A canvas painted by local artist Hugo Medina depicting several different Hispanic cultures hangs in Delph Courtyard in celebration of Hispanic Heritage Month and the contributions and achievements made by those in the Hispanic community.
The mural was done last year as a part of Medina’s Calle 16 project, a project started in 2009 in the hopes of shedding a positive light on the art in and around Phoenix after the passage of Arizona SB 1070. The striking canvas depicts several Hispanic cultures including Ecuador, Argentina and Columbia, and represents different Hispanic cultures coming together as one.
Transborder Chicana/o and Latina/o studies junior Paula Hernandez said she believes that art has the power to have a great impact on students who see it displayed on campus.
“I think the West campus has done great in representing art on campus,” she said. “I like how Hispanic Heritage Month is expressed through art, because it gives us as Hispanics the opportunity to show the world who we are.”
The painting took place during Hispanic Heritage Month and proudly hangs at the West campus for a second year in a row. Students pass by the canvas on a daily basis on their way to class, sometimes stopping to take a closer look.
Communications sophomore Esmeralda Lechuga-Gutierrez stopped to take a picture of the mural on her way to her afternoon class. She explained that she stopped because she was drawn in by all the bright colors and had to get a better look.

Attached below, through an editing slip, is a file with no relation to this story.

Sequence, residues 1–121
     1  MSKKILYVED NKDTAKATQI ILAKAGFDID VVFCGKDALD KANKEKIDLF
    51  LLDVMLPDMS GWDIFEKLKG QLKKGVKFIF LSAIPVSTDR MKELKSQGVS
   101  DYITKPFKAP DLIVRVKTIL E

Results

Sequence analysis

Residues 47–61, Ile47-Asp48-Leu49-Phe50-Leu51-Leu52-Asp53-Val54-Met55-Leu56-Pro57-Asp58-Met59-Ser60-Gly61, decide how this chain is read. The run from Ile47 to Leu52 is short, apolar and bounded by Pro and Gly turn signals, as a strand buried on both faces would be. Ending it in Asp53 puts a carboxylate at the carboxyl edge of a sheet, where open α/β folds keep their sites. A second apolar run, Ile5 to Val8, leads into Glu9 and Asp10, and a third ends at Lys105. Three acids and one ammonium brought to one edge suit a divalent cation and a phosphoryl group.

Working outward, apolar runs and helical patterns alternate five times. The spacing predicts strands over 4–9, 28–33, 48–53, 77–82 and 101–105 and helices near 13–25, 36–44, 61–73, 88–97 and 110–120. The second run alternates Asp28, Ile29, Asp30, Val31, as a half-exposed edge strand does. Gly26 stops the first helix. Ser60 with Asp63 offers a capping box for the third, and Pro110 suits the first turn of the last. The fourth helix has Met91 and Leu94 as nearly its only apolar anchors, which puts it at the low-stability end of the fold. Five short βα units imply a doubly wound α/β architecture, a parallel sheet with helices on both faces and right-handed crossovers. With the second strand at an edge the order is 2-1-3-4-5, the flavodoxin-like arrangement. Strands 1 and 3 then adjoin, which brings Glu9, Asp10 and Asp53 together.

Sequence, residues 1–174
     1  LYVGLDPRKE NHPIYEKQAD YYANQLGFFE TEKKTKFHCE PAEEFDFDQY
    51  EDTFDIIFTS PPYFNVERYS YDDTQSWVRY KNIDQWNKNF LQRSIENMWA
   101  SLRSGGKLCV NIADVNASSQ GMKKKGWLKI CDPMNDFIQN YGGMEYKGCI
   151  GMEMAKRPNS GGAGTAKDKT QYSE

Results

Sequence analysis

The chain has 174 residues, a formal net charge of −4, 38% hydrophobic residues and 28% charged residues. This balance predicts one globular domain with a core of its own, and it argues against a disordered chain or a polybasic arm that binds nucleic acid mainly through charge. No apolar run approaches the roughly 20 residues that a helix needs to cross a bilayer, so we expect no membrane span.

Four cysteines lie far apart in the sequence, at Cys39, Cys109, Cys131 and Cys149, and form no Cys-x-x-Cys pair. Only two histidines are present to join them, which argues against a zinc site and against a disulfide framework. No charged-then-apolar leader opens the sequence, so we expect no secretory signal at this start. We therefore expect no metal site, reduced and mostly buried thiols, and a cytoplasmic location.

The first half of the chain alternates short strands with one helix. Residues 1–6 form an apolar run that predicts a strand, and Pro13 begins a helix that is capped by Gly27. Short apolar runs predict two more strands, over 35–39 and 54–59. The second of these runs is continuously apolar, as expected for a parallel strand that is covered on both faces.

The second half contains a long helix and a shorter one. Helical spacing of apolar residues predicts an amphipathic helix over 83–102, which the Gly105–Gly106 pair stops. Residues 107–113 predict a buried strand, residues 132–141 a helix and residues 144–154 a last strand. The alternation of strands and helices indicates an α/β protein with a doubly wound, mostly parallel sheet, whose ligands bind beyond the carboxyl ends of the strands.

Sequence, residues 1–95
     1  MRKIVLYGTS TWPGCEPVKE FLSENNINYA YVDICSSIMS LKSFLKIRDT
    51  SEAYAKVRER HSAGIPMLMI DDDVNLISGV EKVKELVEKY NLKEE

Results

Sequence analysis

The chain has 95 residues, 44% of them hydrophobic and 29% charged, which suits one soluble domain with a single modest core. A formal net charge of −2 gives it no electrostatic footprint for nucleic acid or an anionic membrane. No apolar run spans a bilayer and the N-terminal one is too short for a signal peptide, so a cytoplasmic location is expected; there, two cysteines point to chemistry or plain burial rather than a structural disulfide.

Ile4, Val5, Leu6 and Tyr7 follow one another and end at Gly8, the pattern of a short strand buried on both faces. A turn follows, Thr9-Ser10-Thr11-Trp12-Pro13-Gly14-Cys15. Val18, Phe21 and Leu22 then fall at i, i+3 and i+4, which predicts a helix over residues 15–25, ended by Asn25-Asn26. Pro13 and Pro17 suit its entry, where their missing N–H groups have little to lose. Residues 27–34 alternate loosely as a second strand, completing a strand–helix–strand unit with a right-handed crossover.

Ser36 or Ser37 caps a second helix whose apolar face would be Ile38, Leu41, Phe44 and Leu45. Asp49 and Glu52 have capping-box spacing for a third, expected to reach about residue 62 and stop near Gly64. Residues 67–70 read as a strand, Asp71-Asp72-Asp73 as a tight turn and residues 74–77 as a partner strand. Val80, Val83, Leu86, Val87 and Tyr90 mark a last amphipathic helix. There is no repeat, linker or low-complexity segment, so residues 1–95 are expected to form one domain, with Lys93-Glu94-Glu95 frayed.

“I stopped to look at the mural because I love the way the art is representative of a variety of Hispanic cultures,” she said. “I feel sometimes that Hispanic Heritage Month emphasizes on certain cultures and certain countries but in reality, it’s a melting pot of all Hispanic cultures and the way the artist captured it all is beautiful.”
The canvas mural is the fourth one that Medina has done for ASU. With each one, a different artist was brought in to help Medina come up with a design to honor the different aspects of Hispanic culture.
“We are so diverse as a Hispanic community,” Medina said. “This mural showcases that diversity.”
Art is heavily incorporated within the Hispanic community and other cultural communities alike. Hispanic Honor Society member and secondary education junior Deborah Quintanilla said she feels that art should be displayed on campuses throughout the entire school year, and not just during celebratory months.
“I feel like cultural artwork should be displayed year-round, not just during Hispanic Heritage Month or Pacific Islander Month or Black History Month," she said. "We have so many people coming to our school who identify with different backgrounds, and I think they’d be appreciative to see their culture being represented at their school."
The mural will hang at the West campus all the way through the end of Hispanic Heritage Month on Oct. 15th. If you want to see Medina’s piece, venture out to Glendale to take in this immaculate painting celebrating Hispanic Heritage Month.
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